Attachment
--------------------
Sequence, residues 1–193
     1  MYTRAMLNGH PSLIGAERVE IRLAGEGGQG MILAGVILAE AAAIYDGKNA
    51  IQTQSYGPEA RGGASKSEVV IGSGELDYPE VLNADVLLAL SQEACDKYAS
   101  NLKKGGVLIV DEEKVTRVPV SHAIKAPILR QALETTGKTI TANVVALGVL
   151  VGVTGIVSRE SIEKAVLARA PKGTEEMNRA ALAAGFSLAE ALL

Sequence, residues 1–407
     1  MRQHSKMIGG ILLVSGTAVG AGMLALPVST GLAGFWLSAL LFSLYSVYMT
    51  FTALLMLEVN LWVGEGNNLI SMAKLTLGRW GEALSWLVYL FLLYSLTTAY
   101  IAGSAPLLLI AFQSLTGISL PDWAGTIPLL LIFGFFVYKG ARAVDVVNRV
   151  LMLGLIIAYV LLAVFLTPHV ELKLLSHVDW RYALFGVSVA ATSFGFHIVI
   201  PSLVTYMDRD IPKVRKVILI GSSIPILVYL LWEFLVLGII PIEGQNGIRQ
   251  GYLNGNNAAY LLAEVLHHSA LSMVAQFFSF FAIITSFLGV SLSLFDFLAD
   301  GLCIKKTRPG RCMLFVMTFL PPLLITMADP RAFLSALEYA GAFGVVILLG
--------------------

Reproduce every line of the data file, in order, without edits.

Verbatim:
Sequence, residues 1–193
     1  MYTRAMLNGH PSLIGAERVE IRLAGEGGQG MILAGVILAE AAAIYDGKNA
    51  IQTQSYGPEA RGGASKSEVV IGSGELDYPE VLNADVLLAL SQEACDKYAS
   101  NLKKGGVLIV DEEKVTRVPV SHAIKAPILR QALETTGKTI TANVVALGVL
   151  VGVTGIVSRE SIEKAVLARA PKGTEEMNRA ALAAGFSLAE ALL

Sequence, residues 1–407
     1  MRQHSKMIGG ILLVSGTAVG AGMLALPVST GLAGFWLSAL LFSLYSVYMT
    51  FTALLMLEVN LWVGEGNNLI SMAKLTLGRW GEALSWLVYL FLLYSLTTAY
   101  IAGSAPLLLI AFQSLTGISL PDWAGTIPLL LIFGFFVYKG ARAVDVVNRV
   151  LMLGLIIAYV LLAVFLTPHV ELKLLSHVDW RYALFGVSVA ATSFGFHIVI
   201  PSLVTYMDRD IPKVRKVILI GSSIPILVYL LWEFLVLGII PIEGQNGIRQ
   251  GYLNGNNAAY LLAEVLHHSA LSMVAQFFSF FAIITSFLGV SLSLFDFLAD
   301  GLCIKKTRPG RCMLFVMTFL PPLLITMADP RAFLSALEYA GAFGVVILLG